Toukiden: Kiwami - PS4 Review

Toukiden: Kiwami is not a new game necessarily, as Toukiden first arrived on the Vita a little over a year ago. Kiwami is more of an expansion than a sequel, though it makes a host of improvements and adds a ton of content with its transition to the big screen. While it will remind many of Monster Hunter, Toukiden: Kiwami is comfortable in its own skin, with a different take on combat, even if the collection and mission structure feels familiar.


Toukiden is hardly the first game to try and emulate Monster hunter, Plenty of others like Ragnarok (and its follow-up, Ace) attempt to take the mission-based structure and cooperative gameplay and create a Monster Hunter-like experience. Of these games however, I believe Toukiden has done the best job of striking balance between those familiar systems while doing enough of its own thing to justify its existence as more than a Monster Hunter knock-off.

When it first released on the Vita, I found the visuals, music and the bite-sized missions a good fit for the hand held device. That being said, the visuals certainly benefit from the big screen treatment. There is a good deal going on during many of these missions, and being able to spot enemies further into the background is certainly a good thing. Toukiden: Kiwami sports a very distinctive style both musically and visually. This Japanese styling reminds of the Warriors games, though combat is something far more tactical.


One of my favorite aspects of the combat are the special moves which have a limited number of uses. Sometimes they give you a boost in attack power, sometimes they give you additional health and more. It takes a moment to trigger them, so timing can be key, especially in larger, more dangerous boss battles. While the two basic types of swing types are still in tact and no doubt feel familiar to fans of Monster Hunter, other tweaks in the control scheme beyond the special attacks stand out. The ability to lock onto monsters is a huge plus. I know there are many purists who prefer the non-locking of Monster Hunter, but I tend to use locking on in most games when it is an option, and I prefer having it here. There is a special mode that can be accessed by pressing the touch pad that views the world through a different lens. This allows you to see important elements on the battlefield, including the health of enemy demons or Oni.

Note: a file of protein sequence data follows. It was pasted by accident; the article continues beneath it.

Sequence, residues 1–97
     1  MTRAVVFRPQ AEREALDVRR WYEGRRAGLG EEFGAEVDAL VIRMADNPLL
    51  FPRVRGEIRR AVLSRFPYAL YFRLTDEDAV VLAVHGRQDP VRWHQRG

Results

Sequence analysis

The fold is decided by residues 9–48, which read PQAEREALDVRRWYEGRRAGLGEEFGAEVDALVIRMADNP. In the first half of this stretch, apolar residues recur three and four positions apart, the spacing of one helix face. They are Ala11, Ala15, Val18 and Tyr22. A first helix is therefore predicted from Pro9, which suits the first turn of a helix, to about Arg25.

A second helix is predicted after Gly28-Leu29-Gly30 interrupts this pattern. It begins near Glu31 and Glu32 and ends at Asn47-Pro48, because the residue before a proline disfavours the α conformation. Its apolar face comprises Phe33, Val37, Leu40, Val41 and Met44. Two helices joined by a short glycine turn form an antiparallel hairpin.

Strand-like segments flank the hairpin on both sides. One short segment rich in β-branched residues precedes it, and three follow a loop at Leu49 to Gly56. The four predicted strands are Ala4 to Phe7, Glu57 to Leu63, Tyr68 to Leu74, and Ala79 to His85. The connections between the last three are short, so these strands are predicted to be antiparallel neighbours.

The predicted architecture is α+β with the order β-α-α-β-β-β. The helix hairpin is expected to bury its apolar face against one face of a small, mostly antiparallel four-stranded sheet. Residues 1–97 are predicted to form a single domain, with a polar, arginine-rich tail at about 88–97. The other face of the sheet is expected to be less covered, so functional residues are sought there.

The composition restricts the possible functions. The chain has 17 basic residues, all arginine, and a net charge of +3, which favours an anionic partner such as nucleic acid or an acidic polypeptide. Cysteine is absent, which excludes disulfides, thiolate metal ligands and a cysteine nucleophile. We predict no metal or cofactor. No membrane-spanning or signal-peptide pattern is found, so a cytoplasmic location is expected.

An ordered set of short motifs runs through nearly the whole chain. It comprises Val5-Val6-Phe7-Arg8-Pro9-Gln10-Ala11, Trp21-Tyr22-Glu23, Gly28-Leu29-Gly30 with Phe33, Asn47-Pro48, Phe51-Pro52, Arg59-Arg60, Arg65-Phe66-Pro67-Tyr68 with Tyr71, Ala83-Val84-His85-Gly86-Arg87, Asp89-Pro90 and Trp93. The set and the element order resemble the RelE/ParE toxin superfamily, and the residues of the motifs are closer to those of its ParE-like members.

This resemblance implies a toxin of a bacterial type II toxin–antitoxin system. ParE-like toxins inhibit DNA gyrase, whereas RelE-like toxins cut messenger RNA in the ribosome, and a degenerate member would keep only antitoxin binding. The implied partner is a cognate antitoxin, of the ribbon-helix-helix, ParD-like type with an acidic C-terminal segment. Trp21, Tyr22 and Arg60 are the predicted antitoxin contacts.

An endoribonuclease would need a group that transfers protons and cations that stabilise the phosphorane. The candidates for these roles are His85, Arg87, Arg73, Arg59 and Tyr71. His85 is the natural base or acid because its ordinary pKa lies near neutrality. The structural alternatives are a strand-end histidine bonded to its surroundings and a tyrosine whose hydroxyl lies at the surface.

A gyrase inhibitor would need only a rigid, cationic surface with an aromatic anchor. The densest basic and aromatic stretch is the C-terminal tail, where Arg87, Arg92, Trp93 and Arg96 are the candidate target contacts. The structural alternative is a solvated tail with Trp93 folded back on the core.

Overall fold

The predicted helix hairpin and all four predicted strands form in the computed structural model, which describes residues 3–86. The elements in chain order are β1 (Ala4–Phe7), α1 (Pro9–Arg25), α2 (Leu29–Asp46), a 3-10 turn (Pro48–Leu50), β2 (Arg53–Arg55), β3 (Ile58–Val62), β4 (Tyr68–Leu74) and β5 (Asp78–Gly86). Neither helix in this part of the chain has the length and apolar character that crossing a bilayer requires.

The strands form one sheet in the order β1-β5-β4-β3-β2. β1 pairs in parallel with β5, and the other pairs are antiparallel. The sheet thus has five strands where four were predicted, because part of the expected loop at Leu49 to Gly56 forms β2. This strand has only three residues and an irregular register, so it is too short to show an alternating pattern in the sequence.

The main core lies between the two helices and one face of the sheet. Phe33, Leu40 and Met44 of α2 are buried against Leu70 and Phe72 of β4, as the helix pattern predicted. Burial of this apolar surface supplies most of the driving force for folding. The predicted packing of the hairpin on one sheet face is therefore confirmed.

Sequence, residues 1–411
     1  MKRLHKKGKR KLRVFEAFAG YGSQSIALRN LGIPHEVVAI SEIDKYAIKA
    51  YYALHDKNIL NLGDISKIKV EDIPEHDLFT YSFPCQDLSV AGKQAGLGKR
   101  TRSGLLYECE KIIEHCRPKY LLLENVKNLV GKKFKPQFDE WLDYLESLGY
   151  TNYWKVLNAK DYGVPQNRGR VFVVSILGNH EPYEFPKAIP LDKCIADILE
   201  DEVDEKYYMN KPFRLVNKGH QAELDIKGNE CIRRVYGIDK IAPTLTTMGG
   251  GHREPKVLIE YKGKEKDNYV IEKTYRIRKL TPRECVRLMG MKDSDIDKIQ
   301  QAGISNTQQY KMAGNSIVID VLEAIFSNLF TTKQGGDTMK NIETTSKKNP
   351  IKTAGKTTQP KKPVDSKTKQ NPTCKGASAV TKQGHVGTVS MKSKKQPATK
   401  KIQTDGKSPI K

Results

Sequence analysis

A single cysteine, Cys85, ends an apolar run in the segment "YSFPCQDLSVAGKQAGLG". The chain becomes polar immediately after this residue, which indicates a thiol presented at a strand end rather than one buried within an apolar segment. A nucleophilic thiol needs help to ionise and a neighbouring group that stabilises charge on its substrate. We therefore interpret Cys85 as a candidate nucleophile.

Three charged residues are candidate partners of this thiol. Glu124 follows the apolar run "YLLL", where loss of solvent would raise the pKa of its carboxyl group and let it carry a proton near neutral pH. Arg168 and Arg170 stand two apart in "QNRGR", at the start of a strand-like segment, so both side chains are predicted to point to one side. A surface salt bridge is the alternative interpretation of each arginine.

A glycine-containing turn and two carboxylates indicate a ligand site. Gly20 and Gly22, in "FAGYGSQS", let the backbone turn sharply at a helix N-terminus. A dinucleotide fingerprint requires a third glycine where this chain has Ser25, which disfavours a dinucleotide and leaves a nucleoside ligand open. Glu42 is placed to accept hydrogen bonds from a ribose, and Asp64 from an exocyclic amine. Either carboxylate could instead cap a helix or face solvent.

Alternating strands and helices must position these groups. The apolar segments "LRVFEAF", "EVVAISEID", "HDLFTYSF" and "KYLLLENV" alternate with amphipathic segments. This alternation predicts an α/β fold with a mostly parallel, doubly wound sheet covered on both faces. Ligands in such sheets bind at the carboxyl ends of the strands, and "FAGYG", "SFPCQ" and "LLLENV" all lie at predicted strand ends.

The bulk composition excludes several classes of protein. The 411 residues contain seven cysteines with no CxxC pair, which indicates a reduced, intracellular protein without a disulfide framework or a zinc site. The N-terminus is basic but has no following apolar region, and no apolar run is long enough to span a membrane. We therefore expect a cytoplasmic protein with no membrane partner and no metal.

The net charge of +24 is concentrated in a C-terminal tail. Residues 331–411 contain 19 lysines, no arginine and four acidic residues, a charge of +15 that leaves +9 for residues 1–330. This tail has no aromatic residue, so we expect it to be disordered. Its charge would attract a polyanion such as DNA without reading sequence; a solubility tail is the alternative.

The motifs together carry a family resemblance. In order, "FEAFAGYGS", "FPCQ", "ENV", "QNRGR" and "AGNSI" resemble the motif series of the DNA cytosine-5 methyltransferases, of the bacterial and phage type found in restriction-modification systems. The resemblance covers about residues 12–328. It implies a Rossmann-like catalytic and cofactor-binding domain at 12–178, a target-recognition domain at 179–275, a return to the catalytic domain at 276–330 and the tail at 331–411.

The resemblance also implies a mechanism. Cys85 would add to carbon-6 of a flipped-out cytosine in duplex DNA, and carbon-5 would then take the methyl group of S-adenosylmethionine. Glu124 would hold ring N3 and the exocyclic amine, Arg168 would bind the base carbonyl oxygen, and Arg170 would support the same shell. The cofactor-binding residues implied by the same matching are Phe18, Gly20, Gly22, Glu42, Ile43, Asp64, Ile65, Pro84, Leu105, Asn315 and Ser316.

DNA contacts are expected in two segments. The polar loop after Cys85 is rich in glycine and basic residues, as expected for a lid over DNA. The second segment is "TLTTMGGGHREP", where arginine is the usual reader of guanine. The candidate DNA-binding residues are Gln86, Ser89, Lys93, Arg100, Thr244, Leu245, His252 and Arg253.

Traveling segmented maps, fighting monsters and digging up resources are important not just for mission progression, but equipment upgrades as well. There are a handful of systems at work in the central village that serves as your primary hub. Here you can upgrade weapons, modify them into something new or create all new ones. There are usually multiple requirements here, ranging from money, to resource parts to how frequently you use that type of weapon, improving your compatibility with it.


The other system of note is Mitama, which are spirits of vanquished heroes you can find on the battlefield. Free them from the Oni who possess it, and you can then level up and socket in these different personalities into your weapon. This adds additional perks to your character and adds an enjoyable leveling element to the formula.

Of course for many people, the highlight of games like this is the ability to play with others online cooperatively, and that is also a feature of Toukiden: Kiwami. I tend to be more of a solo gamer myself, but my son loves to buddy up with others to play titles like this. Toukiden hums along effectively regardless of which play style you are preferential to.


If you are new to the series but love these Monster Hunter style of games, Toukiden: Kiwami is an easy game to recommend. It fills a niche currently lacking on the PlayStation 4 and does so with a high degree of polish and style. A tougher question waits for those who played the original game on Vita last year. If you did not particularly enjoy Toukiden then, it is unlikely that Toukiden: Kiwami will do much to convert you. However, there is a lot of new content here. I mentioned that it felt like an expansion, but an incredibly meaty expansion with loads of new monsters, Mitama and even some additional story content.

Even though I spent plenty of time with the original game, I was more than happy to come back to Toukiden: Kiwami. There was enough new content to make things interesting, and the transition to the big screen was actually a preferable one to me. I love my Vita, but most of the time I prefer playing on a console with a big screen. Toukiden: Kiwami is a beautiful game, with plenty to do and helps to scratch the itch for those who like Monster Hunter but want to try something similar, yet decidedly different at the same time.


Review by Nick
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